1.4        11.67          19.44
    1.6        13.33          22.22
    1.8        15.00          25.00
    2.0        16.67          27.78

For slow-reacting drivers, the difference in thinking distance between a car going 30 km/h and a car going 50 km/h is huge: an extra 10 metres (33 feet) at a 1.8 second reaction time and an extra 11 metres (36 feet) at a 2.0 second reaction time!

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By Michelle Martin (registered) - website | Posted August 29, 2016 at 19:10:48 in reply to Comment 119897

And of course we know that reaction time is affected by obvious factors, like alcohol/drug use or using cell phones, GPS's, radio dials... And we know that fatigue will slow reaction time, along with distraction from worries, or to-do lists.

The really fascinating (and scary) thing about reaction time is that so many factors can affect it. Environmental, or external factors can slow reaction time; for example, did you know that simply driving on a winding road slows our reaction time, as we have had to devote a larger share of our attention to steering than we would on a straight road (hello, suburban crescents and drives). This article makes for a fascinating read: http://www.visualexpert.com/Resources/re...

Comment edited by Michelle Martin on 2016-08-29 19:11:13

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By mdrejhon (registered) - website | Posted August 30, 2016 at 12:54:28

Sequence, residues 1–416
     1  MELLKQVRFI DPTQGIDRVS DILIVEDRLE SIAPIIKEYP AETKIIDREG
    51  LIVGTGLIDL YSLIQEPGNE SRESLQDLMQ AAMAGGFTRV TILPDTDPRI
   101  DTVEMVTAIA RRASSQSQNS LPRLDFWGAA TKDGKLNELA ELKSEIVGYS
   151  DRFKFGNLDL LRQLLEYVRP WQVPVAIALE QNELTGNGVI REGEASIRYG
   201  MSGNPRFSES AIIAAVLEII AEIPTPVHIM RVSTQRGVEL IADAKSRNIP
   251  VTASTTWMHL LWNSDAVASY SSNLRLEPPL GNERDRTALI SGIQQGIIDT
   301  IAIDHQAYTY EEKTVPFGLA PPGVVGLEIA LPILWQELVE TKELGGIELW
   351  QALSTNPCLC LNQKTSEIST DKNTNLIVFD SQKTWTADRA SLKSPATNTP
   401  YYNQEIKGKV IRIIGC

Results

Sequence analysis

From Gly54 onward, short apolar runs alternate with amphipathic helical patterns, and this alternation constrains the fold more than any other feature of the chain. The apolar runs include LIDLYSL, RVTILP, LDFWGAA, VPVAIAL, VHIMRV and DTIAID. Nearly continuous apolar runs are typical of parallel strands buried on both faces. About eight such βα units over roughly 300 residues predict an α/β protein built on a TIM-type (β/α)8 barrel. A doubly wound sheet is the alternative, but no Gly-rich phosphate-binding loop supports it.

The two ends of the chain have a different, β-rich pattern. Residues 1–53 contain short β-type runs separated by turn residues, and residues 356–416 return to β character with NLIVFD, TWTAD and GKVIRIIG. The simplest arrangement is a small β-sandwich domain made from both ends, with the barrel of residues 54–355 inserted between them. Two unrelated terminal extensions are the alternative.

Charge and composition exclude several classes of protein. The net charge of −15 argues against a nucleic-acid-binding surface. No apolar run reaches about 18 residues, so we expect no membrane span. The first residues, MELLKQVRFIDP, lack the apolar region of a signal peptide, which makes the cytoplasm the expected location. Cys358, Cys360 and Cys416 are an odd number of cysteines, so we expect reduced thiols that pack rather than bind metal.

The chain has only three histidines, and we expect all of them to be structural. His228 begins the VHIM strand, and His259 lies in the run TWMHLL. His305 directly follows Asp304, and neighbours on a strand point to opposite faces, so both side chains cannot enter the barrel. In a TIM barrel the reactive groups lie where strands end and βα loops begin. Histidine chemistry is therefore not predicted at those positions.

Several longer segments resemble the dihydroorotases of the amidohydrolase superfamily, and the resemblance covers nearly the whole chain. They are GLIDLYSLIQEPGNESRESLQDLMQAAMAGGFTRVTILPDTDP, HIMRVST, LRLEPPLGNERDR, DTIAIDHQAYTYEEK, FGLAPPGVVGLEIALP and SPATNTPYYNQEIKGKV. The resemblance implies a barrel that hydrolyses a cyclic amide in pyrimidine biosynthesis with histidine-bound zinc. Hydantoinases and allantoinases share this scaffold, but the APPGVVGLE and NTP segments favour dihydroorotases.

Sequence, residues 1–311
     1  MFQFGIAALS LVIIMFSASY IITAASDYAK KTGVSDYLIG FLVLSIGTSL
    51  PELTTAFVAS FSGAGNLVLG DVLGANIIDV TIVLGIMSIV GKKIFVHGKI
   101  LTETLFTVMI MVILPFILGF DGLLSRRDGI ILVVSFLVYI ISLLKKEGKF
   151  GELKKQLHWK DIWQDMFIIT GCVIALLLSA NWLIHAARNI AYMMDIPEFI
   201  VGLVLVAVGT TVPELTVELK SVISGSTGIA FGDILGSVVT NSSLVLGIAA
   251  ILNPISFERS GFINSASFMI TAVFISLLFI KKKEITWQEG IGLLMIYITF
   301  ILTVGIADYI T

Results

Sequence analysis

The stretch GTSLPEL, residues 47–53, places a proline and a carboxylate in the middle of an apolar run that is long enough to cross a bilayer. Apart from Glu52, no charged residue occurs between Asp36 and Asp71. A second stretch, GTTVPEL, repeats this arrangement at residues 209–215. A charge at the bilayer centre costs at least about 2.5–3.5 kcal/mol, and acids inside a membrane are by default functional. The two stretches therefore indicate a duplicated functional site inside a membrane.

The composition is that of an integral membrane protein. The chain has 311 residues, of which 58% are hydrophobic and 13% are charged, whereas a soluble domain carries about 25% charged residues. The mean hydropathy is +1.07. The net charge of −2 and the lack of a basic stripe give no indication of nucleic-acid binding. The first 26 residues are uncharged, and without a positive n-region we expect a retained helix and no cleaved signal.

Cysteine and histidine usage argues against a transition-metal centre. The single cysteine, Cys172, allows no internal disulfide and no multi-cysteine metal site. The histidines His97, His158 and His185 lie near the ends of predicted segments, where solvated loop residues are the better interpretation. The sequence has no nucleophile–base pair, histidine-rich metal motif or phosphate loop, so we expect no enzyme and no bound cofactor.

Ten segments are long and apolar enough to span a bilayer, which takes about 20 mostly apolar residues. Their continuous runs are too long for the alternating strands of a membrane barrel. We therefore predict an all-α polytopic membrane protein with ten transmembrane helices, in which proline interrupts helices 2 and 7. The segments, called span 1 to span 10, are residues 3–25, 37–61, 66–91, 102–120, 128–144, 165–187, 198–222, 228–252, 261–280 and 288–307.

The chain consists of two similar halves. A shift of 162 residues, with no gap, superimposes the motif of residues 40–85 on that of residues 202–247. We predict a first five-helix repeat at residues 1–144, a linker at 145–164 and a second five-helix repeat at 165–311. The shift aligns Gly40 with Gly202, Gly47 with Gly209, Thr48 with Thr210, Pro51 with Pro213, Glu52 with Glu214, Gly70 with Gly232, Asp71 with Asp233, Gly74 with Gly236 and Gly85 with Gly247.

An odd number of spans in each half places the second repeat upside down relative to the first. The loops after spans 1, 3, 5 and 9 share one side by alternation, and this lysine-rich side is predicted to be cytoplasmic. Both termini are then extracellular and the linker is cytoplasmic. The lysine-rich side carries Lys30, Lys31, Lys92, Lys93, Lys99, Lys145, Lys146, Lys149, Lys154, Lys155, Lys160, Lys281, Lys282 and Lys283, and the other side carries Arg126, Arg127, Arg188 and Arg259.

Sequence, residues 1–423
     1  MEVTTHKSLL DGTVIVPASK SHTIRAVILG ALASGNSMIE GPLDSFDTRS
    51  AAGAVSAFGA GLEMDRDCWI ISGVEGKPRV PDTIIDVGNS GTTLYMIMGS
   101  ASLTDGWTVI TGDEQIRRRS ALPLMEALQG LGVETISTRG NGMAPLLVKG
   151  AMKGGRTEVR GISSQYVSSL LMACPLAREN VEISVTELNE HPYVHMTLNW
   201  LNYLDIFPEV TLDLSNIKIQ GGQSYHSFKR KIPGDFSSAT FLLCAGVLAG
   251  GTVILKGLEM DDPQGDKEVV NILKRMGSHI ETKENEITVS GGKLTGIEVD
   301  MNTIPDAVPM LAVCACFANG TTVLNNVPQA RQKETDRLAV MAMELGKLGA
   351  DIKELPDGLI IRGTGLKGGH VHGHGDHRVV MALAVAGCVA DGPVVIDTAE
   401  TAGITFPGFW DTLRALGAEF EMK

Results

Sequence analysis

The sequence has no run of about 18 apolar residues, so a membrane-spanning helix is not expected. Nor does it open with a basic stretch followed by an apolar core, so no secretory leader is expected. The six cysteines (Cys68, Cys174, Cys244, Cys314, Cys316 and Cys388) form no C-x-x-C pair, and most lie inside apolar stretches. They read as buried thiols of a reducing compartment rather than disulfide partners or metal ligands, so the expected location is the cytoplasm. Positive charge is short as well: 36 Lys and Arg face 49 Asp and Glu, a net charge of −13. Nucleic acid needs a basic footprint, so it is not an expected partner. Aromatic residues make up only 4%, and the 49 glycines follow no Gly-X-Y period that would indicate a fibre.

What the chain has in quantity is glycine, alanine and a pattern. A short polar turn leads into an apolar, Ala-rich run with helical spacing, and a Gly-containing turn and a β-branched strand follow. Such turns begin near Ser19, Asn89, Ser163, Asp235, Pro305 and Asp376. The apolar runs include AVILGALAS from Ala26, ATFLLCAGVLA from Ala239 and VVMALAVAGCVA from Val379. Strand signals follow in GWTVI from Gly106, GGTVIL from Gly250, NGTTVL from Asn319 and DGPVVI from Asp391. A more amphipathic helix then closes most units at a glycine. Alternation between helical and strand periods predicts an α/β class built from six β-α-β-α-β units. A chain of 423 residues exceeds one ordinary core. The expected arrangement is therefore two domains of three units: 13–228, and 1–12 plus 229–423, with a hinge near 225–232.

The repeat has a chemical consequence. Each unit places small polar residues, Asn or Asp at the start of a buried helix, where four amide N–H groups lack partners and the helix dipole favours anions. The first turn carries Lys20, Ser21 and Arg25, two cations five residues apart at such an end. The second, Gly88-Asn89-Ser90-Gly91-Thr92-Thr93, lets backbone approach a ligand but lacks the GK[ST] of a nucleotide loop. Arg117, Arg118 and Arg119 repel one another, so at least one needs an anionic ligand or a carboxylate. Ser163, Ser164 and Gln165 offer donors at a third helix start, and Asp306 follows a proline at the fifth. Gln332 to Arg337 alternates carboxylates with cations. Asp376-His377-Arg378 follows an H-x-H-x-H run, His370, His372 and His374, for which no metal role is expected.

I have a comment: Patience level of drivers

  • There are drivers find it fun and calm to drive slowly through the cacophony of downtown core, just merrily inching slowly forward and enjoying the sun, glancing at the scenery, incidentally noticing new businesses.

  • And there are drivers find it highly stressful, the sensory overload, rushing for an appointment, being used to a quicker drive in the past, and getting annoyed at the longer drive, accelerate quickly to the next car and stop quickly, etc.

There's a continuum in between.... One big side effect of converting an arterial (50kph) into a local road (30kph) is the status quo and change feels difficult. For the scenario of a theoretical King 30kph local car lanes next to LRT (slower speed compensating for the moving cars being more frequent adjacent to revitalized King sidewalks) it will likely piss off a lot of impatient drivers who haven't yet chosen to be patient or taking alternate routes -- it can take a long adjustment period (people taking other routes, e.g. widened RHVP, adjusted Barton, etc).

Hopefully the construction detour period is well-designed to let people become used to alternate routes.

Driving my car through a clogged revitalized business corridor is generally preferable (for me and a huge many others) than driving a stop-n-go rush-hour 401, but this may not be the case for every single individual, in what situations they get stressed during driving.

Comment edited by mdrejhon on 2016-08-30 12:59:07